What is life like for the children in these families? How do their parents find the resources to put food on the table, much less pay for doctors’ visits or child care? Researchers and policymakers often call these “disconnected families” – because they’re not engaged in either the labor market or cash public assistance. Since the welfare reform bill of 1996, the federal cash assistance program – Temporary Assistance for Needy Families, or, TANF – has increasingly become a program to support working parents, rather than a benefit to non-working parents.1 The number of families enrolled in TANF fell by more than 50 percent between 1997 and 2009 and rose by much less during the most-recent recession (by 12 percent between July 2008 and September 2009).2 This leaves researchers and policymakers asking, if people living in poverty are not turning to TANF even in times of economic crisis, how are they getting by? Who are these families and how can we reach them?
Child Trends explored these questions using data from the National Survey of Children’s Health (NSCH). We found that almost a third of children living in families at or below the poverty level are in “disconnected families,” where no adults have been employed for at least 50 weeks or used TANF in the past year. Half of children in disconnected families have parents with less than a high school education, 43 percent live with a single mother, and half are Hispanic/Latino. Policymakers should be aware that the parents in these families may be among the hardest to reach – in particular, the low levels of parental education and the overrepresentation of Hispanic children in this group are factors to consider when developing policies to connect these families to the resources that will help their children succeed.
A large percentage of disconnected families have sought help through other public support programs – almost half report using three out of the four programs they were asked about in the National Survey of Children Health. For example, more than 90 percent of children in disconnected families are enrolled in Medicaid or the Children’s Health Insurance Program (CHIP). Around 75 percent use the Supplemental Nutrition Assistance Program (SNAP), often referred to as food stamps, and more than 75 percent receive free and reduced-price school meals. Children in similarly poor families that are using TANF, though, are even more likely to be using SNAP and to be receiving free and reduced meals.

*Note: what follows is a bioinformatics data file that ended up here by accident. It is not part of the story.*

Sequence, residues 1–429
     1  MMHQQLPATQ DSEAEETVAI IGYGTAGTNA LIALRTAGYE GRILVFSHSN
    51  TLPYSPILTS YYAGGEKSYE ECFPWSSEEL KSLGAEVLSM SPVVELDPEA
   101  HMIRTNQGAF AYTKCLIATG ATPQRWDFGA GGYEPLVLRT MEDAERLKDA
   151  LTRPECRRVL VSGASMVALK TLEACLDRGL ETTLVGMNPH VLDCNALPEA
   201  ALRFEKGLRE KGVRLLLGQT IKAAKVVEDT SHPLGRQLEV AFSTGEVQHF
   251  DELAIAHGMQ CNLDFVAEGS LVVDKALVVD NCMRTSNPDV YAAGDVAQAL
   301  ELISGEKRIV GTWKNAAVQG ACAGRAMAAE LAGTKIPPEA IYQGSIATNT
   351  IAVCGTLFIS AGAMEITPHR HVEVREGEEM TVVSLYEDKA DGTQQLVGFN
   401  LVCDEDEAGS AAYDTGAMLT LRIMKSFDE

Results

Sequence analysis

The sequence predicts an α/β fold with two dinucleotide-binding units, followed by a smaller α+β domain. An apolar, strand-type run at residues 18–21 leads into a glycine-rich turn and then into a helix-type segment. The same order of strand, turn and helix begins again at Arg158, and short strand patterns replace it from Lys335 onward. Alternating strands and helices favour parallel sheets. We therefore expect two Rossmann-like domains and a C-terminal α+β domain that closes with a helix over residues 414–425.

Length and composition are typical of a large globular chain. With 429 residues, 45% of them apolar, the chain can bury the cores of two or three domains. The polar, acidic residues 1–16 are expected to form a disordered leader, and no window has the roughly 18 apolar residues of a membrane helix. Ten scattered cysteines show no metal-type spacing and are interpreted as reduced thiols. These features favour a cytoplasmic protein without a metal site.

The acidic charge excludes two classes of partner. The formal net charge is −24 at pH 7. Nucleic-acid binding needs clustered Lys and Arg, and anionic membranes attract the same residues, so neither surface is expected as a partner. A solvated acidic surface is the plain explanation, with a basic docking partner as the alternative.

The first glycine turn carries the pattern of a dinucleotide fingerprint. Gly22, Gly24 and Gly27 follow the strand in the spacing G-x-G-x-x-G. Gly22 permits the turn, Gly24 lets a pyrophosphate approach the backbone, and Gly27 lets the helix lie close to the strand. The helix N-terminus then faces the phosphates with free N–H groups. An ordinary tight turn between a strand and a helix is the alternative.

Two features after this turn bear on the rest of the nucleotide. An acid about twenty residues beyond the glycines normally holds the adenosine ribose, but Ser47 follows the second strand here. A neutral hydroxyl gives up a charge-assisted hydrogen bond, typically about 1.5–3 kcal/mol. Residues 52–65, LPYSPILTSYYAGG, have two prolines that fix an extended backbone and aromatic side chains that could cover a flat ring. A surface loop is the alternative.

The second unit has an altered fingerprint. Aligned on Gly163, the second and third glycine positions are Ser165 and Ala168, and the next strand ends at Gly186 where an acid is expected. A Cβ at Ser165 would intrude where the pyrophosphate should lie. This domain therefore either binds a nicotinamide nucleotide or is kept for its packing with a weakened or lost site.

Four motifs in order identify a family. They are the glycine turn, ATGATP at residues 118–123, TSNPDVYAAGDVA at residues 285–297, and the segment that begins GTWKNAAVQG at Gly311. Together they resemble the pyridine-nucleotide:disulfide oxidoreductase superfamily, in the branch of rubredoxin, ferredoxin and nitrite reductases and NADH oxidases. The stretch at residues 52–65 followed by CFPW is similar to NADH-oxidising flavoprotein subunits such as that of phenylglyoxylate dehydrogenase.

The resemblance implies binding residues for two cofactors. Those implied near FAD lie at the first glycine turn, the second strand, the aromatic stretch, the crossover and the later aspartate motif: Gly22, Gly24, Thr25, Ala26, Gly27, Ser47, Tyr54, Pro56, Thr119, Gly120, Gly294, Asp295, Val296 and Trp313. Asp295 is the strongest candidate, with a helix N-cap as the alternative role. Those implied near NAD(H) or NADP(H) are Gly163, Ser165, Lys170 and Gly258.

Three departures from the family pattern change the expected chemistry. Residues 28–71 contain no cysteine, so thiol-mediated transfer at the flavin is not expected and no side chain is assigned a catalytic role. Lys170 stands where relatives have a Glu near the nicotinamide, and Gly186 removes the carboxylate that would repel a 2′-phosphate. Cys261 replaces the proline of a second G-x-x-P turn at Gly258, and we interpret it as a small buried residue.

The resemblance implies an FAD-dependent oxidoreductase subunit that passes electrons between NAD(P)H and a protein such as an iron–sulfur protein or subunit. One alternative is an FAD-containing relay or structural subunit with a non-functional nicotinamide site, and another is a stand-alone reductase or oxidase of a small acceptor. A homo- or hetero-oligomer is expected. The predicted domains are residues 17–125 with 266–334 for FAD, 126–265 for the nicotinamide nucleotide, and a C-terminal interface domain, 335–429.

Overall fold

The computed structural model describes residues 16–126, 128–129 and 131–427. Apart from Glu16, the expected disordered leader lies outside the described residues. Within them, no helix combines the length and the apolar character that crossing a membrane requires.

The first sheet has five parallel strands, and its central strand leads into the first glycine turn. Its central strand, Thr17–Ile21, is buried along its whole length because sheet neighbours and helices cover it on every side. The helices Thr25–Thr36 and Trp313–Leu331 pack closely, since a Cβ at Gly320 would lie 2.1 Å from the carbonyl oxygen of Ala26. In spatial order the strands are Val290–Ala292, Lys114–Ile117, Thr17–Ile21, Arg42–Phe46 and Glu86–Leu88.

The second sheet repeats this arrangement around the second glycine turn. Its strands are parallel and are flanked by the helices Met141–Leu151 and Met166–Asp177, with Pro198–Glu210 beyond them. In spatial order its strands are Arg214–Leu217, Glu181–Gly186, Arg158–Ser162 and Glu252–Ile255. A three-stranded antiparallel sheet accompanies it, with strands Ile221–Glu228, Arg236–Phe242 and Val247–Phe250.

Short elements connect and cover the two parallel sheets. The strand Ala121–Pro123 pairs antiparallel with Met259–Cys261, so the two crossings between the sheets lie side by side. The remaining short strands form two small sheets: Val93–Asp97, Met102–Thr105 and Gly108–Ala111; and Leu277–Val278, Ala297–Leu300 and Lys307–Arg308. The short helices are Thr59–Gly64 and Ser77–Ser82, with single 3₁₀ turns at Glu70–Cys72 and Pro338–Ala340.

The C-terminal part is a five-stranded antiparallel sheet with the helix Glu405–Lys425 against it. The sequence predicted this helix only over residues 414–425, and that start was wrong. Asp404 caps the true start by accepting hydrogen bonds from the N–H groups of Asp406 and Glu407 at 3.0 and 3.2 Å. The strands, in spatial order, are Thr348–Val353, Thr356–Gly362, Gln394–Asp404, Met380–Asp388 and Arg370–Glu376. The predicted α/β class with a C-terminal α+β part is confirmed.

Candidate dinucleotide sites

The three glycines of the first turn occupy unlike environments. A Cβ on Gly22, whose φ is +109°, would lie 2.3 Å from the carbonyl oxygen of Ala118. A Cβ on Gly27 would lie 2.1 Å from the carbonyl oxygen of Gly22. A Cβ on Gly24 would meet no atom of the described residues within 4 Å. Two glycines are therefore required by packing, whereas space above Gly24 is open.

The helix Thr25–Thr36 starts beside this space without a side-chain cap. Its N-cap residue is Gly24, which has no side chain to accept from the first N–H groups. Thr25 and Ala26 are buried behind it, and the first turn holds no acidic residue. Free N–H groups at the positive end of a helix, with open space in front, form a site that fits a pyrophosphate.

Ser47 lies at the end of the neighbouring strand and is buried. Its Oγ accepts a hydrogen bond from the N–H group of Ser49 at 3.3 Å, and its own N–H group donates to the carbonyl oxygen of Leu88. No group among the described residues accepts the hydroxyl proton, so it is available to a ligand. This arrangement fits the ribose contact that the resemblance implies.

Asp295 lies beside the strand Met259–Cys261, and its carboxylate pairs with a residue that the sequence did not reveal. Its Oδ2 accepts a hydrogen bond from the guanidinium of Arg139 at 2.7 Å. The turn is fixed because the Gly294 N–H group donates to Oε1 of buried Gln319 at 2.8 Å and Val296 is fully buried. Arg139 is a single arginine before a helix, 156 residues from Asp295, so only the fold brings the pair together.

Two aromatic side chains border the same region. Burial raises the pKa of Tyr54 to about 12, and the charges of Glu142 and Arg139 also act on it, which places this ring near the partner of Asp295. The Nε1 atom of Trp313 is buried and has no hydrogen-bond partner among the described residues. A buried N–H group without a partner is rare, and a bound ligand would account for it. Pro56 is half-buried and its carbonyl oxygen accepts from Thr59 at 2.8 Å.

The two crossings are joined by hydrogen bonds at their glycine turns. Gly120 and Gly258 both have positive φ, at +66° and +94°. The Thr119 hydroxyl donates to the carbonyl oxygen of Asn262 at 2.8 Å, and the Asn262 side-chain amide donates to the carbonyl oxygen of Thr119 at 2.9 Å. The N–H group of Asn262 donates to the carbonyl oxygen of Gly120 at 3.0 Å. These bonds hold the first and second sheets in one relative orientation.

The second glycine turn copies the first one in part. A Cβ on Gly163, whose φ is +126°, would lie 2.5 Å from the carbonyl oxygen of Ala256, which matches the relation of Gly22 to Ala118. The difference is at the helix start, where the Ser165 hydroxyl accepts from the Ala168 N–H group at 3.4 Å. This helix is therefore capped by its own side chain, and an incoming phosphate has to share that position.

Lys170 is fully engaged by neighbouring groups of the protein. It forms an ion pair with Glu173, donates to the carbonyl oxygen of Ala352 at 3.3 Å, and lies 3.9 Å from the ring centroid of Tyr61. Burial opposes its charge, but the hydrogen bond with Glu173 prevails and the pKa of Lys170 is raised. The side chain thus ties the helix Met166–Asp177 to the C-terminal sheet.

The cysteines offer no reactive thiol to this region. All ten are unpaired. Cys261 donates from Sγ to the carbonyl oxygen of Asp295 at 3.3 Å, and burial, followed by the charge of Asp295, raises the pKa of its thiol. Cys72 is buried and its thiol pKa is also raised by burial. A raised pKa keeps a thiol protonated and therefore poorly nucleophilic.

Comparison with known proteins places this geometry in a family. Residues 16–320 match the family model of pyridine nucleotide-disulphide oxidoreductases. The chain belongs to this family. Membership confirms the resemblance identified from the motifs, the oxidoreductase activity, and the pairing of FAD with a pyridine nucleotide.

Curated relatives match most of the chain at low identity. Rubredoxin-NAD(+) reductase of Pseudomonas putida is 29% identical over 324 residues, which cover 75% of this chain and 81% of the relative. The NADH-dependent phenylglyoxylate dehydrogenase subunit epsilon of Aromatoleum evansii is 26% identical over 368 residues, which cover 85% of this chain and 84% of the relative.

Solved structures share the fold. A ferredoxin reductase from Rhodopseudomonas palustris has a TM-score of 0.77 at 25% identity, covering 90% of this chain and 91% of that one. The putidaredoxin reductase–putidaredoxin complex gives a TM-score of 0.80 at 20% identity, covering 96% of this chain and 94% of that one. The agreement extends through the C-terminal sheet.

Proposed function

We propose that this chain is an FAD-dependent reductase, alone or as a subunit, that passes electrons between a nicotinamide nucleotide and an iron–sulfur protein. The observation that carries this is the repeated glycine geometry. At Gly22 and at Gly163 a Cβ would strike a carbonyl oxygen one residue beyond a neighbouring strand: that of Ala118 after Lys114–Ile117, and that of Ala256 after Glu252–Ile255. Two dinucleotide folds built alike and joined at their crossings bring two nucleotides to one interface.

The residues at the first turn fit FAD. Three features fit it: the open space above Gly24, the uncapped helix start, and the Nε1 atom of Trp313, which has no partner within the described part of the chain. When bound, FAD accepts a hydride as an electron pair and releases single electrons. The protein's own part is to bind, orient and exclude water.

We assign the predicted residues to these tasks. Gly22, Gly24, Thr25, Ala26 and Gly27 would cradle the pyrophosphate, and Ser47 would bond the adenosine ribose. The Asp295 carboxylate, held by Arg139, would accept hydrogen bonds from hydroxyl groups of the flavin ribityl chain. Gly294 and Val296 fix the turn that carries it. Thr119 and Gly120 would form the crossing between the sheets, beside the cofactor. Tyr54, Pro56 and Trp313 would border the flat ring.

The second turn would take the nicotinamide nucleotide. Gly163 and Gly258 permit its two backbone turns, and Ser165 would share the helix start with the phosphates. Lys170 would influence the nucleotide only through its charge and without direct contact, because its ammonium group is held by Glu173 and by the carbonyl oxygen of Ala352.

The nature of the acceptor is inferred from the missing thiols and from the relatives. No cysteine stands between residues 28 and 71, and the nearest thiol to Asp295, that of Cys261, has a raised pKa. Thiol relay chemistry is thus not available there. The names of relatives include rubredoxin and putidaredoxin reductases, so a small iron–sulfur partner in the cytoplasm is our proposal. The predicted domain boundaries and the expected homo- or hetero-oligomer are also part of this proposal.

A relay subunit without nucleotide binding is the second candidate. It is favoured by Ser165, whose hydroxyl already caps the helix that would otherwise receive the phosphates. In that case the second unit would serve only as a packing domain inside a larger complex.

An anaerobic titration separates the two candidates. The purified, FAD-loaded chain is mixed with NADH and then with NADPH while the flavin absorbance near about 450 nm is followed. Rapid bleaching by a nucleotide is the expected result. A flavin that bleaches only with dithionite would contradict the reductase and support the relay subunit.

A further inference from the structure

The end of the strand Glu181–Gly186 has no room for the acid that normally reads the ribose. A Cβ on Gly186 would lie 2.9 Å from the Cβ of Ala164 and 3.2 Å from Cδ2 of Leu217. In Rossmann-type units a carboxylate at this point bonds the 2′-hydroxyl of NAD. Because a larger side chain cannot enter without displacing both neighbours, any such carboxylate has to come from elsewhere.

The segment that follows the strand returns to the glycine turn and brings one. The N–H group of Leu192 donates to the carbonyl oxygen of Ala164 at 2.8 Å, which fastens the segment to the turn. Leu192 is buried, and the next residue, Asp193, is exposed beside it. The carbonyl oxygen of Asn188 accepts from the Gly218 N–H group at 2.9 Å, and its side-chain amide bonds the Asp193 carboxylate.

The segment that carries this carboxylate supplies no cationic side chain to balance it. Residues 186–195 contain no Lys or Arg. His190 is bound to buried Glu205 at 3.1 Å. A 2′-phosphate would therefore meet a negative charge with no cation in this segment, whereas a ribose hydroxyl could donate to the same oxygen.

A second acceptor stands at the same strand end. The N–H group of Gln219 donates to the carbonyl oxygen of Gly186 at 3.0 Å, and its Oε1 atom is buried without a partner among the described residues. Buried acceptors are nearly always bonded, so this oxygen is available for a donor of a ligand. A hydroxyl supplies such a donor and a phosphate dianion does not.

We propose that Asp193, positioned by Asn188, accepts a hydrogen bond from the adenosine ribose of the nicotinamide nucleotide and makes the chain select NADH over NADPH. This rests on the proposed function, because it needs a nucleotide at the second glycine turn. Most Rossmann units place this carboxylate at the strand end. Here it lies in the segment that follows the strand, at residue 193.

Children in disconnected families are among those most vulnerable to falling through the gaps in the safety net. The harmful effects of poverty on children’s well-being have been documented over and over again (read about five ways poverty harms children). While it is encouraging that most disconnected families can, and do, access other benefits, in particular health insurance through Medicaid and CHIP, participation is not universal and in some cases is lower than among other low-income families. More importantly, these programs can’t provide many of the other things children need for healthy development that may ultimately help them move out of poverty, such as safe neighborhoods, books, and educational resources at home.
There were some bright spots in our research on disconnected families. We found that most parents in disconnected families report positive child behaviors, such as bouncing back quickly when things don’t go their way, and smiling or laughing a lot (among younger children). However, fewer disconnected parents report reading or telling stories to their young children at least 6 days a week than parents who are not employed but using TANF. Most parents report their older child(ren) follows through with tasks and stays calm in the face of challenges, at least some of the time if not always—but a higher percentage of non-employed parents who are receiving TANF report that their children at least sometimes demonstrate these positive behaviors. Also, the majority of disconnected parents report they’re coping very well with the demands of parenting, and rarely or never felt angry with their child in the past month. Nevertheless, outcomes for these children and their parents tend to be lower than outcomes for those whose family incomes are above the poverty level.
You can read more about what we found in our upcoming research brief, made possible with generous funding from the Annie E. Casey Foundation.
Vanessa Harbin, senior research analyst
 Schott, L. (2012) Policy Basics: An Introduction to TANF. Washington, D.C.: Center on Budget and Policy Priorities. Available online: http://www.cbpp.org/cms/?fa=view&id=936
 U.S. Department of Health and Human Services Administration for Children and Families Office of Family Assistance. Temporary Assistance to Needy Families Program (TANF) Ninth Report to Congress. Accessed online: http://www.acf.hhs.gov/sites/default/files/ofa/9th_report_to_congress_3_26_12.pdf